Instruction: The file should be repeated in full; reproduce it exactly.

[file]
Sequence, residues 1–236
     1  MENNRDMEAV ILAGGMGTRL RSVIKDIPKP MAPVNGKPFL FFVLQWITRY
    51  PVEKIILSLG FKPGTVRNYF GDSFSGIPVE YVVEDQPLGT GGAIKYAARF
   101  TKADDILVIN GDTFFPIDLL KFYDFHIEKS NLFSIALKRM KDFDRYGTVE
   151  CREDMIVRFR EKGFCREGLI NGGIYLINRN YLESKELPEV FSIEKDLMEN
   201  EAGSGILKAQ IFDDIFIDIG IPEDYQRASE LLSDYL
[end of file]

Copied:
Sequence, residues 1–236
     1  MENNRDMEAV ILAGGMGTRL RSVIKDIPKP MAPVNGKPFL FFVLQWITRY
    51  PVEKIILSLG FKPGTVRNYF GDSFSGIPVE YVVEDQPLGT GGAIKYAARF
   101  TKADDILVIN GDTFFPIDLL KFYDFHIEKS NLFSIALKRM KDFDRYGTVE
   151  CREDMIVRFR EKGFCREGLI NGGIYLINRN YLESKELPEV FSIEKDLMEN
   201  EAGSGILKAQ IFDDIFIDIG IPEDYQRASE LLSDYL